Serving size: 1 cookie

1 – Combine flour, cocoa, ginger, baking soda, cinnamon, salt, and pepper in medium bowl. Beat butter, brown sugar, granulated sugar, and shortening in large bowl with electric mixer at medium speed until creamy. Add chocolate; beat until blended. Add molasses and egg; beat until well blended.

2 – Gradually add flour mixture, beating until well blended. Divide dough in half. Shape each half into disc; wrap each disc tightly in plastic wrap. Refrigerate at least 1 hour.

3 – Preheat oven to 350°F. Roll out 1 disc of dough between sheets of plastic wrap to 1/4-inch thickness. Cut out shapes with 5-inch cookie cutters; place cutouts on ungreased cookie sheets. Refrigerate at least 15 minutes. Repeat with remaining dough.

4 – Bake 8 to 10 minutes or until cookies are set. Cool on cookie sheets 5 minutes. Remove to wire racks to cool completely. Decorate with icing, if desired.

* Chewy Chocolate Gingerbread Drops: Decrease flour to 1 3/4 cups. Shape 1 1/2 teaspoonfuls of dough into balls. Place on ungreased cookie sheets. Flatten balls slightly. Do not refrigerate before baking. Bake as directed. Makes about 4 1/2 dozen cookies.

Nutrition Information:
Calories: 59 calories, Carbohydrates: 8 g, Protein: 1 g, Fat: 3 g, Saturated Fat: 2 g, Cholesterol: 9 mg, Sodium: 20 mg, Fiber: 1 g
https://www.diabetesselfmanagement.com/recipes/snack/chocolate-gingerbread-cookies/

Subscribe to Diabetes Self-Management Magazine
Your one-stop resource for advice, news and strategies for living with diabetes.

Inside every issue you’ll find…
* The latest medical and research news
* In-depth articles related to both Type 1 and Type 2 diabetes
* Weight Self-Management: Everything to maintain a healthy diet
* Diabetic Cooking: Recipes and meals for every occasion
* Quizzes, Q&As, Resources, Products, and more! Your one-stop resource for advice, news and strategies for living with diabetes.
https://www.diabetesselfmanagement.com/subscribe/

Diabetic Dessert of the Week – Upside-Down Pineapple Cake

November 4, 2021 at 6:02 AM | Posted in dessert, diabetes, diabetes friendly, Diabetes Self Management, Diabetic Dessert of the Week | Leave a comment
Tags: , , , , , , , , , , ,

This week’s Diabetic Dessert of the Week is – Upside-Down Pineapple Cake. Upside-Down Pineapple Cake just made healthier. To make this week’s Dessert you’ll be needing Pineapple Slices, Mo lasses, Ground Cinnamon, Brown Sugar Substitute, Margarine, Egg Whites, Vanilla, All Purpose Flour, and Baking Soda. There’s 165 calories and 27 net carbs per serving. The recipe is from the Diabetes Self Management website where you can find a huge selection of Diabetic Friendly Recipes, Diabetes News, Diabetes Management Tips, and more! You can also subscribe to the Diabetes Self Management Magazine. Each issue is packed with Diabetes News and Diabetic Friendly Recipes. I’ve left a link to subscribe at the end of the post. Enjoy and Eat Healthy in 2021! https://www.diabetesselfmanagement.com/

Upside-Down Pineapple Cake
Ingredients

1 can (15 ounces) pineapple slices in juice
2 tablespoons molasses
1 teaspoon ground cinnamon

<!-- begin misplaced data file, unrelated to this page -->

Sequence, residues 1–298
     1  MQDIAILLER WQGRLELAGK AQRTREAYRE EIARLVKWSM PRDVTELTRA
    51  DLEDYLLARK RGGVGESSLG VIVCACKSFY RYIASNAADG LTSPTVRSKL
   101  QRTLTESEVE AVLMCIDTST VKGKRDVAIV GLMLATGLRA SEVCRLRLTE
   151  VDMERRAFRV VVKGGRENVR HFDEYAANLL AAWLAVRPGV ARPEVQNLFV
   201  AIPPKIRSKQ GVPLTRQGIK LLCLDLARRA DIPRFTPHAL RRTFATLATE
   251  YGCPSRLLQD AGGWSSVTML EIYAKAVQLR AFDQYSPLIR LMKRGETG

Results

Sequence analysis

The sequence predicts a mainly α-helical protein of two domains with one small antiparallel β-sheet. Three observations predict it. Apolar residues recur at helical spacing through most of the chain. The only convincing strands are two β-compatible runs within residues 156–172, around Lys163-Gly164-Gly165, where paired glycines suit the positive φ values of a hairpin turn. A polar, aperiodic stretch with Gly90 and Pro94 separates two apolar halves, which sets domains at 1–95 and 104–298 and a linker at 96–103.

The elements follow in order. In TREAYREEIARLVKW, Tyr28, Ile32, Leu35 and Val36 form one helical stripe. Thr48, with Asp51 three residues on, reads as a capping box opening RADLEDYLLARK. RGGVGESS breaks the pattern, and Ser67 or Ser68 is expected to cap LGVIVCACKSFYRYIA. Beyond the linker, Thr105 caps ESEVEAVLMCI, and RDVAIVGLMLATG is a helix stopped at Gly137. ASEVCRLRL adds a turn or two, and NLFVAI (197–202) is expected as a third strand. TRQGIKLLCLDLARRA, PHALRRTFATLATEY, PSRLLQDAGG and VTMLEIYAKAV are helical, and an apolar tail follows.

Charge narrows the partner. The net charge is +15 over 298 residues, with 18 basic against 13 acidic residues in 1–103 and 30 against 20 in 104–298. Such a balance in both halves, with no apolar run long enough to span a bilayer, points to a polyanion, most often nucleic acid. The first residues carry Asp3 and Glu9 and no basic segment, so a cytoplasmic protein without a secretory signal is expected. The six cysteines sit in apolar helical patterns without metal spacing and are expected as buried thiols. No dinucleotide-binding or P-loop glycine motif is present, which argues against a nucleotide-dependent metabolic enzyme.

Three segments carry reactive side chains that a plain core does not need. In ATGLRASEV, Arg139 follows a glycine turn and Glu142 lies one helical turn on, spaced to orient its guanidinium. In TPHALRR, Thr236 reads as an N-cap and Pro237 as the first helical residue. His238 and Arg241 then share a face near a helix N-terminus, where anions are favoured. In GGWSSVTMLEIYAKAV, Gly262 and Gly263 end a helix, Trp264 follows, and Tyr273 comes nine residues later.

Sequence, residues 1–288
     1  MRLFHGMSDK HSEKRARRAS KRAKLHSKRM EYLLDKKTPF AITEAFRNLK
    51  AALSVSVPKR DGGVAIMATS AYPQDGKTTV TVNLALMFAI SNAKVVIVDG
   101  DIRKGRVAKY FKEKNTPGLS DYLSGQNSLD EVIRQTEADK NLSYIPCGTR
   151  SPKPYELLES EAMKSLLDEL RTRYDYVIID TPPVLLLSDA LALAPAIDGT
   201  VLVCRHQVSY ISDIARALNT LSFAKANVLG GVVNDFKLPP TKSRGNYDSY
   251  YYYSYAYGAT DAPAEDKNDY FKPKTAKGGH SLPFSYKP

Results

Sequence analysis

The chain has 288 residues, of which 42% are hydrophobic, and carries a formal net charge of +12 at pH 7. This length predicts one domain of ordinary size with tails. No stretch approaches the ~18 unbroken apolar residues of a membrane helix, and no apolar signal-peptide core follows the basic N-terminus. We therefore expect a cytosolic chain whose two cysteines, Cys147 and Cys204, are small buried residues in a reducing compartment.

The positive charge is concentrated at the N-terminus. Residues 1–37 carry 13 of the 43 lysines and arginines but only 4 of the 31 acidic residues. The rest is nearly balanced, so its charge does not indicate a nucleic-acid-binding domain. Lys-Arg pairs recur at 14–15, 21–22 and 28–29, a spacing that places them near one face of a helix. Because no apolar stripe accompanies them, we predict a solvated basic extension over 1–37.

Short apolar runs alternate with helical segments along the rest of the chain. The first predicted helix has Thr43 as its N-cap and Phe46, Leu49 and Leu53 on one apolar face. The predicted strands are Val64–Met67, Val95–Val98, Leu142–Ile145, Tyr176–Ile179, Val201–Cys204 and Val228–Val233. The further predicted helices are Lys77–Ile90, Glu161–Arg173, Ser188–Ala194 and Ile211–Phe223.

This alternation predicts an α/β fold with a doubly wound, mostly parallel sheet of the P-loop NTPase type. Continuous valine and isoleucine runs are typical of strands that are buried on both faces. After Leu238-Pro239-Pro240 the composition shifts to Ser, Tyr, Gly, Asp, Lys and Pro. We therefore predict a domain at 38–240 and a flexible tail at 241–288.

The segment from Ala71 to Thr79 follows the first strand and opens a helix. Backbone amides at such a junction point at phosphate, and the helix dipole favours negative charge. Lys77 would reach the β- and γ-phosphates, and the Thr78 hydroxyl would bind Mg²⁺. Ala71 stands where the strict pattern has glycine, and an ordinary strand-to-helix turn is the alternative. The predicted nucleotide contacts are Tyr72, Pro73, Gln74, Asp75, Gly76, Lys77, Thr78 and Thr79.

1 cup sucralose-based brown sugar substitute
1/4 cup margarine, melted
2 egg whites
1/2 teaspoon vanilla
1 1/2 cups all-purpose flour
1/2 teaspoon baking soda

Directions
Yield: 12 servings.
Serving size: 1/12 of cake.

1 – Preheat oven to 350°F. Spray 9-inch round cake pan with nonstick cooking spray.

2 – Drain pineapple; reserve 3/4 cup juice. Place pineapple rings evenly in bottom of prepared pan. Drizzle molasses evenly over pineapple. Sprinkle with cinnamon.

3 – Beat sugar substitute, margarine, egg whites, and vanilla in large bowl with electric mixer at low speed until well blended. Add reserved pineapple juice, flour and baking soda; beat until smooth. Pour batter over pineapple.

4 – Bake 30 minutes or until toothpick inserted into center comes out clean. Cool in pan on wire rack. Store leftovers in refrigerator.

Tip: For maximum flavor, let cake sit overnight before serving.

Nutrition Facts Per Serving:
Calories: 165 calories, Carbohydrates: 28 g, Protein: 1 g, Fat: 4 g, Saturated Fat: 1 g, Cholesterol: 0 mg, Sodium: 108 mg, Fiber: 1 g
https://www.diabetesselfmanagement.com/recipes/desserts-sweets/upside-pineapple-cake/

Subscribe to Diabetes Self-Management Magazine
Your one-stop resource for advice, news and strategies for living with diabetes.

Inside every issue you’ll find…
* The latest medical and research news
* In-depth articles related to both Type 1 and Type 2 diabetes
* Weight Self-Management: Everything to maintain a healthy diet
* Diabetic Cooking: Recipes and meals for every occasion
* Quizzes, Q&As, Resources, Products, and more! Your one-stop resource for advice, news and strategies for living with diabetes.
https://www.diabetesselfmanagement.com/subscribe/

Diabetic Dessert of the Week – Wholesome Chocolate Chip Pumpkin Bars

October 21, 2021 at 6:02 AM | Posted in dessert, diabetes, diabetes friendly, Diabetes Self Management, Diabetic Dessert of the Week | Leave a comment
Tags: , , , , , , , , , , , , ,

This week’s Diabetic Dessert of the Week is a Wholesome Chocolate Chip Pumpkin Bars. Sugar Substitute, Spices, Molasses, Reduced Fat Cream Cheese, and Chocolate Chips are just some of the ingredients you’ll be needing to make this week’s recipe. There’s 110 calories and 13 net carbs per serving! The recipe is from the Diabetes Self Management website where you can find a huge selection of Diabetic Friendly Recipes, Diabetes News, Diabetes Management Tips, and more! You can also subscribe to the Diabetes Self Management Magazine. Each issue is packed with Diabetes News and Diabetic Friendly Recipes. I’ve left a link to subscribe at the end of the post. Enjoy and Eat Healthy in 2021! https://www.diabetesselfmanagement.com/